Let the trumpets sound

Knippa chooses conservatory experience over traditional college


Karis Thomas

Coppell High School senior Grant Knippa practices trumpet in the CHS band hall practice rooms during sixth period. Knippa plans to attend New England Conservatory of Music in Boston to pursue a career in classical music.

Amelia Vanyo, Editor-in-Chief

For Coppell High School senior Grant Knippa, music is no longer a hobby. It is his future.


Knippa was not always musically inclined. He did not really dive into music until middle school. In fifth grade, Knippa decided to pick up an instrument- specifically one with a cool case.


“I was not a very musical kid, I liked the recorder in elementary but I don’t know if that counts,” Knippa said. “I was deciding between trumpet and saxophone because I wanted an instrument that went in a case because I thought that was really cool, so I just happened to pick trumpet.”


But Knippa’s affinity for music was not unexpected.


“My husband is a percussion person, he’s all about music,” Kinppa’s mother Denise Knippa said. “Our older son Brady is a music major at the University of Texas in percusion.”


Now, Knippa practices three hours a day (not including the hour and 40 minutes in school  band) and plans to attend the prestigious New England Conservatory of Music in Boston to pursue trumpeting long term.


“I had been considering [pursuing trumpet in college] all throughout high school, but the moment I knew was junior year when I went to All-State, which was just three or four days playing really difficult music with some of the best classical musicians in Texas, and I just knew; that was what I wanted to do,” Knippa said.


Mrs. Knippa believes that Knippa had natural talent as well as a passion and drive for music that helped him succeed.


“He had the desire first and foremost,” Mrs. Knippa said. “I think he had a natural ability for sure, and I think he just did a lot of hard work in addition to that.”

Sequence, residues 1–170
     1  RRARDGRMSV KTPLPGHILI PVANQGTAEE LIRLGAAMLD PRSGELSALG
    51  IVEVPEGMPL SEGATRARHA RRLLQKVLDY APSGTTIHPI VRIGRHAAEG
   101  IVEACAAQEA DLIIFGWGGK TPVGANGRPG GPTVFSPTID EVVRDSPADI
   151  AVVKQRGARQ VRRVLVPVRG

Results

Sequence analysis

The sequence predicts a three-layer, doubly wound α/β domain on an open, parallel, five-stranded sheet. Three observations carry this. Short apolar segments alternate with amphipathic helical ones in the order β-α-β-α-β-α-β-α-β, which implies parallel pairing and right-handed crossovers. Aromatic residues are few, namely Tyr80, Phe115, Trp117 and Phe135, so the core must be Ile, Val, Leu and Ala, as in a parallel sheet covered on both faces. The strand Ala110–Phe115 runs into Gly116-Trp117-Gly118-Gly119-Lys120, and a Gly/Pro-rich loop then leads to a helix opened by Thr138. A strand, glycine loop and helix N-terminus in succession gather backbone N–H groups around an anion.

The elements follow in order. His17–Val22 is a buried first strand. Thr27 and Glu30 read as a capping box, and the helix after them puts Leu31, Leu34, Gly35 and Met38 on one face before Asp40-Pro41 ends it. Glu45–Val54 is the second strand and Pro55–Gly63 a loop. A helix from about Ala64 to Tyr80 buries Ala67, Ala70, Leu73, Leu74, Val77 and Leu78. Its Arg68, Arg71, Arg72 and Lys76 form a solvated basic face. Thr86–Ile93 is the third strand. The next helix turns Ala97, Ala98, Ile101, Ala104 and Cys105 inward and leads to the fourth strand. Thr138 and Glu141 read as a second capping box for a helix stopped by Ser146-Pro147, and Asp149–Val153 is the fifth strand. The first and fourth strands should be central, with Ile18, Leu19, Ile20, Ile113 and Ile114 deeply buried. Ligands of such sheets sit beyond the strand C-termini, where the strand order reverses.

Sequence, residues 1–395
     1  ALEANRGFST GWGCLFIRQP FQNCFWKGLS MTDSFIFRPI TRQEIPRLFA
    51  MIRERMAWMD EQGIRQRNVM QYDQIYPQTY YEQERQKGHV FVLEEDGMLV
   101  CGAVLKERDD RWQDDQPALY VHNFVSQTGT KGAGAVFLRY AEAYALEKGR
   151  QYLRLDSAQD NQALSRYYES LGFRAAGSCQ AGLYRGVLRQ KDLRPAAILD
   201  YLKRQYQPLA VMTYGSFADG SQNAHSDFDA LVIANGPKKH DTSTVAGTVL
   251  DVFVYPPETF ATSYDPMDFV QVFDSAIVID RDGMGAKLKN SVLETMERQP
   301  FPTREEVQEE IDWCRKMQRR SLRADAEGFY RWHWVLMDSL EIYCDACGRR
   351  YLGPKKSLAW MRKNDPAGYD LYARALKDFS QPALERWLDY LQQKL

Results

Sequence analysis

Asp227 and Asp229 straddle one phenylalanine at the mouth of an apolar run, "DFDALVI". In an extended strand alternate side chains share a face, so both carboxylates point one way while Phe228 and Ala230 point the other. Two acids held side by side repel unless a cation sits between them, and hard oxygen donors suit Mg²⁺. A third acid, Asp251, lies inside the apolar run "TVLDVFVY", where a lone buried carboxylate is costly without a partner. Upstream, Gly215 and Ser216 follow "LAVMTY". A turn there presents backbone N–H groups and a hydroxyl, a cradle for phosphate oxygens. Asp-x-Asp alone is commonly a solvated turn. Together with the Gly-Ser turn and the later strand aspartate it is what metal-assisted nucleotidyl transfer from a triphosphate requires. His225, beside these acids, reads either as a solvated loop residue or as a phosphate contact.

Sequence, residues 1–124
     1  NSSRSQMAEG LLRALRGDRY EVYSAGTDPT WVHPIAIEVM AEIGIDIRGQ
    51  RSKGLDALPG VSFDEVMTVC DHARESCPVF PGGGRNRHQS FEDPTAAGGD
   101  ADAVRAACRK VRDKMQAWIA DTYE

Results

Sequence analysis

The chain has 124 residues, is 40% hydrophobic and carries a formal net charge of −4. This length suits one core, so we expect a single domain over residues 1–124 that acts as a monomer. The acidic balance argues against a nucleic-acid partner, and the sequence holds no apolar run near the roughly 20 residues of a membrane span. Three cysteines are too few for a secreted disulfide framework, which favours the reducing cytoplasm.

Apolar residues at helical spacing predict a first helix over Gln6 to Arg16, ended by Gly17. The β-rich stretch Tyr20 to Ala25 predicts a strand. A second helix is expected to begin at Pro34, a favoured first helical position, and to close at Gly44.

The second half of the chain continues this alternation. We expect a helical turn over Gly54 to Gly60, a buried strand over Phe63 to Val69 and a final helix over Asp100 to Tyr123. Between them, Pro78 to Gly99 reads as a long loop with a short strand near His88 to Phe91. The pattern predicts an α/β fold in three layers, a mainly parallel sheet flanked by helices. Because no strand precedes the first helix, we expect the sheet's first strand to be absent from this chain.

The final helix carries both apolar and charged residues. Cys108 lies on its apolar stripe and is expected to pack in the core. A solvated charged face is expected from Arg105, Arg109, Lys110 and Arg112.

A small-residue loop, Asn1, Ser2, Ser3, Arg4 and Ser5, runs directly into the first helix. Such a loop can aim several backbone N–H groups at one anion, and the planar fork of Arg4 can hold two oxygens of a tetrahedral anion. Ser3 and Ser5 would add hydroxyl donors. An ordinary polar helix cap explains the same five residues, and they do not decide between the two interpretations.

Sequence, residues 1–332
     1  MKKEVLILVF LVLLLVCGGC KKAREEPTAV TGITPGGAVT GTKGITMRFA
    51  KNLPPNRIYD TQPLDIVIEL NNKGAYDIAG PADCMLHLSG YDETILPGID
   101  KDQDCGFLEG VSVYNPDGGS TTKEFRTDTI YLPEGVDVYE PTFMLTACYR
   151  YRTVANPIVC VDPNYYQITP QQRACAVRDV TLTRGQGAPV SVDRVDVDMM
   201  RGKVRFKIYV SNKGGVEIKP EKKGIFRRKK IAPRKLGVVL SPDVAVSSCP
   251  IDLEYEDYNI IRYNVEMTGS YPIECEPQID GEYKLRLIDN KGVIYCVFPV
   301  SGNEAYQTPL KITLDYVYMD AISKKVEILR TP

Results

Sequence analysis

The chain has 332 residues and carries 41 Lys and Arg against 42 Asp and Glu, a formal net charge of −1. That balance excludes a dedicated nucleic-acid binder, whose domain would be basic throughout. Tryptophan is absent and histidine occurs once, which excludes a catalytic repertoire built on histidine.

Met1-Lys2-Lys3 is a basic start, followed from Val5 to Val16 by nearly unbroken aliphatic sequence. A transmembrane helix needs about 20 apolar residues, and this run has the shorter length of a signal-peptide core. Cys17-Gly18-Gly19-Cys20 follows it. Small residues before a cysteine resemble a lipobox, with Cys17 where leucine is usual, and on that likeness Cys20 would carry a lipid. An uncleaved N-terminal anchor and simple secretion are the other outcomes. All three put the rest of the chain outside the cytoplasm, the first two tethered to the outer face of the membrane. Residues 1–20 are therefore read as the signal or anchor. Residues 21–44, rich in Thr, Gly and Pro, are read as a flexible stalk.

Knippa has had the opportunity to participate in a variety of unique music programs, including school bands such as marching band and concert band,  All-State Band, Greater Dallas Youth Orchestra and a Interlochen – a seven week summer camp in Interlochen, Mich.


“In high school there are a lot of great musicians, but all of the kids in GDYO are planning on doing music in college, so it’s like a bunch of mes all doing my thing,” Knippa said. “One of the unique things about interlochen was that it is kind of in the middle of a forest. You’re surrounded by two lakes, there are trees everywhere, and especially if you do the summer camp you sleep in cabins that are out in the woods.”


Conservatories are unique from traditional universities in that students study their craft exclusively. This offers students the ability to spend every class growing as a musician.


“School is good and all that but I’m always telling my friends that it would be really cool if all of my classes instead of calculus and English and all that were trumpet and trumpet and music, and that’s exactly what going to school at a conservatory would be like,” Knippa said.


For musicians, the audition process is an extremely rigorous one. Many schools require pre-screening recordings before the student is invited to audition, and almost all schools require an in person audition.

Many of Knippa’s friends come from band, and many of the student musicians he meets at camps and competitions auditioned at the same schools as him.


“Being in band has given me most of my friends,” Knippa said. “You constantly run into the same people over and over again, so a lot of the kids that I’ve seen in these auditions are people I already knew from doing All-State or going to Interlochen.”


At NEC, Knippa will have the opportunity to regularly watch the Boston Symphony Orchestra.


“I’ll get expert experience and get to see what it is that these people do, and not just as a one time thing, but like every week for free. I think that’s invaluable,” Knippa said. “My teacher at [New England Conservatory of Music] this next year, he is a trumpet player in the Boston Symphony Orchestra, which is regarded as one of the best orchestras in the country, so to have that instruction from the person who has the job I am striving for is really cool.”


For the last three years Knippa has been studying trumpet under Dr. Jared Hunt, with whom he has worked on embouchure and musicality.


“Musicality is something that a lot of musicians don’t pick up on until they’re halfway through their undergrad, but Grant really grew in his musicality [the three years I have been teaching him],” Hunt said.


Trumpet can be a demanding instrument, but Knippa has learned to love the instrument through all the requirements.


“The hardest part is just that I do so much of it, which is a good problem to have,” Knippa said “It’s also really physically taxing, and especially this summer when I was in interlochen it was just a lot of playing all the time, which is really fun, I love doing it, but sometimes it just wears you out physically. There’s so many things I like about trumpet playing, the best part would have to be not just playing the music but creating an experience. I think the moment that you cross from just playing a song to making the audience experience what the song is about, that’s a special moment.”